Home • Chlorella sorokiniana DOE1412
Batch cultures of Chlorella sorokiniana DOE1412
Batch cultures of Chlorella sorokiniana DOE1412 grown in raceway ponds at the PNNL testbed site in Arizona. Photo credit: Michael Huesemann, PNNL.
Micrograph of Chlorella sorokiniana
Micrograph showing cells of Chlorella sorokiniana DOE1412 cultivated in BG11 medium. Cells were in an early growth phase and did not induce lipid accumulation, consequently no cytosolic oil bodies are visible. Note that cells have an apparent pyrenoid. Photo credit: Juergen Polle, Brooklyn College of CUNY.

The Chlorella sorokiniana DOE1412 genome sequence and gene models have not been determined by the JGI, but were downloaded from the Los Alamos National Laboratory (LANL) Greenhouse portal on October 31, 2019. Please note that this copy of the genome is not maintained by LANL and is therefore not automatically updated. In order to allow comparative analyses with other algal genomes sequenced by the JGI, a copy of this genome is incorporated into PhycoCosm. The JGI Annotation Pipeline was used to add functional annotation to this genome.

Chlorella sorokiniana DOE1412 (=UTEX B 3016) belongs to the class of the Trebouxiophyceae within the phylum of the green algae. It thrives in fresh water and is of interest for studies on lipid production. This strain of C. sorokiniana had originally been isolated as a contaminant of another green algal culture in the Polle laboratory at Brooklyn College of the City University of New York during the National Alliance for Advanced Biofuels and Bioproducts (NAABB) project and it was originally described by Neofotis et al. (2016). The strain performed well in initial studies under a variety of conditions and it became a new potential platform as a feedstock for production of biofuels (Lammers et al., 2017). Later pond infections with the predator bacterium Vampirovibrio chlorellavorus limited further outdoor cultivation of DOE1412 (Park et al., 2019). However, strain DOE1412 is now a model for studies of algal host-pathogen interactions. Note that the strain can be obtained from the UTEX culture collection.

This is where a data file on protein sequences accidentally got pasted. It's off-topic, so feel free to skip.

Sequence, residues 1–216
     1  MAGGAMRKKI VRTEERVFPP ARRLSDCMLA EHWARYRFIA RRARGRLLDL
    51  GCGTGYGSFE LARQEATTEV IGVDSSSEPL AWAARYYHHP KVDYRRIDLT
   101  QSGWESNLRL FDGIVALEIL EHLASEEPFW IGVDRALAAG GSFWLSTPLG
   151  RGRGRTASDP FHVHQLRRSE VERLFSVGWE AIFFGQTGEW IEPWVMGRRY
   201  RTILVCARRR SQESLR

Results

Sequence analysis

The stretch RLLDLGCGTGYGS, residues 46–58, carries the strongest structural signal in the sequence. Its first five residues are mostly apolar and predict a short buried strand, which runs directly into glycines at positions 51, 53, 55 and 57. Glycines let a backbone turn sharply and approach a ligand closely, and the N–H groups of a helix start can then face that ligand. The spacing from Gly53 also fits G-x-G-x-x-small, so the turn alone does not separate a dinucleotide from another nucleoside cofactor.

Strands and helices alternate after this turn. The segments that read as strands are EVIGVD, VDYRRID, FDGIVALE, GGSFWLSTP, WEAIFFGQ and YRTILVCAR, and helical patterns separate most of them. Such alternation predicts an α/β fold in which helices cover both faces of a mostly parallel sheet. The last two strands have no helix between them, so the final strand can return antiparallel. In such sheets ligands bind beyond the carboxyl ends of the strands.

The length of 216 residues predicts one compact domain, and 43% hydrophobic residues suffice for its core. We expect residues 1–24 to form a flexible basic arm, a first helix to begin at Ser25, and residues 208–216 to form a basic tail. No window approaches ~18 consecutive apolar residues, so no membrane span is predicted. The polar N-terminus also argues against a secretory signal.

• Lammers P.J., Huesemann M., Boeing W., Anderson D.B., Arnold R.G., Bai X., Bhole M., (...), Olivares J.A. (2017) Review of the cultivation program within the National Alliance for Advanced Biofuels and Bioproducts. Algal Research, 22:166-186.
  • Neofotis P., Huang A., Sury K., Chang W., Joseph F., Gabr A., Twary S., (...), Polle J.E.W. (2016) Characterization and classification of highly productive microalgae strains discovered for biofuel and bioproduct generation. Algal Research, 15:164-178.
  • Park S.-H., Steichen S.A., Li X., Ogden K., Brown J.K. (2019) Association of Vampirovibrio chlorellavorus with decline and death of Chlorella sorokiniana in outdoor reactors. Journal of Applied Phycology, 31 (2):1131-1142.

Genome Reference(s)

Please cite the following publication(s) if you use the data from this genome in your research:

Hovde BT, Hanschen ER, Steadman Tyler CR, Lo C, Kunde Y, Davenport K, Daligault H, (...), Starkenburg SR. Genomic characterization reveals significant divergence within Chlorella sorokiniana (Chlorellales, Trebouxiophyceae). Algal Research, 2018;35:449-461. https://doi.org/10.1016/j.algal.2018.09.012